Cedar and Eden Paul’s Creative Revolution: The ‘new psychology’ and the dictatorship of the proletariat, 1917-1926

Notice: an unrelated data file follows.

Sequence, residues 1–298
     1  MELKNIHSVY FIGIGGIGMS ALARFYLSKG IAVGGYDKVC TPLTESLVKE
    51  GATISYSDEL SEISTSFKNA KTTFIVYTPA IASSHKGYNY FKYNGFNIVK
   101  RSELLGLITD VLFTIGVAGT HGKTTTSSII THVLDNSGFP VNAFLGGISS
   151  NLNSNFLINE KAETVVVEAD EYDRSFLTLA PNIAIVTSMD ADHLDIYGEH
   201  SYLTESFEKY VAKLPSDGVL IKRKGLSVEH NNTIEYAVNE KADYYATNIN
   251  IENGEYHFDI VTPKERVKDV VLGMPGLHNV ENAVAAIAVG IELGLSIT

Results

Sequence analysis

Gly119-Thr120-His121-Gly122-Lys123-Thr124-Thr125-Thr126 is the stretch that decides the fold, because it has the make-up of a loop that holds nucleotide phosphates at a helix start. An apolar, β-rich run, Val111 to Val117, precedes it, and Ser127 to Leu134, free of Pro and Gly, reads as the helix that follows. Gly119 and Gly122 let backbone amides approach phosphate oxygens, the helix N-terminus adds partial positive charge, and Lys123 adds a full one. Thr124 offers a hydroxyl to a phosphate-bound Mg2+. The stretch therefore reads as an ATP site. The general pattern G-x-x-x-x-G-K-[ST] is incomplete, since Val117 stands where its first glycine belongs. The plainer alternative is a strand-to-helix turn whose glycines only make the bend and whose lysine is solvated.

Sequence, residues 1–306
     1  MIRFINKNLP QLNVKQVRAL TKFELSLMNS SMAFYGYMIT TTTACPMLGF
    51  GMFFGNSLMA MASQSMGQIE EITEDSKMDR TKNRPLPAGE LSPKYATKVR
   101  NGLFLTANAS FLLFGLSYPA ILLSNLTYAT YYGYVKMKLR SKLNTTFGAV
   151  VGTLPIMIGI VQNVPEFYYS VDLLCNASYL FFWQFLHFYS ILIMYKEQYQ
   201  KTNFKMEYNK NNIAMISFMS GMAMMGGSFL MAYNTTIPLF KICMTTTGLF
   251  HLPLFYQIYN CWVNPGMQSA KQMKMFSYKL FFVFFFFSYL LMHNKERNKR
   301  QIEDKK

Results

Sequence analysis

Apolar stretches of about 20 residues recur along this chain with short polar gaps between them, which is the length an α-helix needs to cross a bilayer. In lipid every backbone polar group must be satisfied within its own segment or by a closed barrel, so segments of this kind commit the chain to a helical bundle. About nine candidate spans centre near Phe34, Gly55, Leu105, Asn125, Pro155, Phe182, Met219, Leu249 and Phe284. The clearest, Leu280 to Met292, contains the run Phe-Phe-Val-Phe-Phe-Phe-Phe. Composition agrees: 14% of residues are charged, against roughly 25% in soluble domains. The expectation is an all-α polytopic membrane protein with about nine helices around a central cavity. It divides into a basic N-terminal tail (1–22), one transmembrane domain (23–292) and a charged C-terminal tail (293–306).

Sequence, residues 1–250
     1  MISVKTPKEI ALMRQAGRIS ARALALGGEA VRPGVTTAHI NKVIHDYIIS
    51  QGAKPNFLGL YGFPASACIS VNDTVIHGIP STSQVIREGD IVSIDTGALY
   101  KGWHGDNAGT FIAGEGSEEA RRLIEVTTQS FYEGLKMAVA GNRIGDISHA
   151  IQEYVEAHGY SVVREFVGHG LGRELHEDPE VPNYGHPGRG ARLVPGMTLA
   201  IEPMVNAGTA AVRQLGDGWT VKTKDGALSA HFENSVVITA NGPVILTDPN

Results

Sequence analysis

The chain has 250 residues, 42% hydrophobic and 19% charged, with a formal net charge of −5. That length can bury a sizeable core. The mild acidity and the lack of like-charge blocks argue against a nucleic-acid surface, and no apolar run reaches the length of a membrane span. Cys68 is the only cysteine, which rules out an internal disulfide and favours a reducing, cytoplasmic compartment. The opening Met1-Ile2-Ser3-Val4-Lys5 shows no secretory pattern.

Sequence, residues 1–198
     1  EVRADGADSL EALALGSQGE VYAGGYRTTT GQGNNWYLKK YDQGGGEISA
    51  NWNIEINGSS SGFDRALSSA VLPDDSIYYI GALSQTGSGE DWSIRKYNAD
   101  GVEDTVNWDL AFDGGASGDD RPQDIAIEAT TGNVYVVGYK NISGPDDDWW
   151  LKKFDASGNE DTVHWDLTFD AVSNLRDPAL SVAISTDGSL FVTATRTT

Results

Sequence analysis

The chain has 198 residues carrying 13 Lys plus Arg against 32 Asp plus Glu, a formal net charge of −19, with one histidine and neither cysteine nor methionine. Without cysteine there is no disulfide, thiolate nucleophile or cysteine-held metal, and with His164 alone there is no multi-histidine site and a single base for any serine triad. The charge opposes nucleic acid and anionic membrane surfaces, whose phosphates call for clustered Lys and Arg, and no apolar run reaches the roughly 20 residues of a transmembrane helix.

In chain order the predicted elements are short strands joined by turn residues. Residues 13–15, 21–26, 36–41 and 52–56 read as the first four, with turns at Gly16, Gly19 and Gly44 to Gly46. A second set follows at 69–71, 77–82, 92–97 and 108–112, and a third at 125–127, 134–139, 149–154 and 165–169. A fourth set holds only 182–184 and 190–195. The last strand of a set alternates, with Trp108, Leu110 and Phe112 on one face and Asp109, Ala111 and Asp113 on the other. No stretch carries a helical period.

This article contributes to the history of the international communist movement by investigating the role of the ‘new psychology’ as a theoretical justification for bolshevism in the years immediately following 1917. It focuses on Cedar and Eden Paul, two almost forgotten theorists whose works were key texts for the socialist movement of the 1920s. Drawing on a range of ideas to supplement Marxist political economy, including Freudian psychoanalysis, biological instinct theory, and the philosophy of Henri Bergson, the Pauls fashioned a striking critique of capitalist democracy and defence of proletarian dictatorship. This heterodox approach was influential within the early communist movement even beyond Britain, and parts of their writings were copied by Li Dazhao, the ‘first Marxist in China’ and mentor of Mao Zedong. The art icle concludes by advancing an explanation for why the Pauls fell out of favour in the CPGB in the mid-1920s: as the prospects for world revolution receded, the party’s leaders sought to erase the heterodoxy and intellectual experimentation that characterised the communist movement in favour of ‘iron proletarian discipline’.
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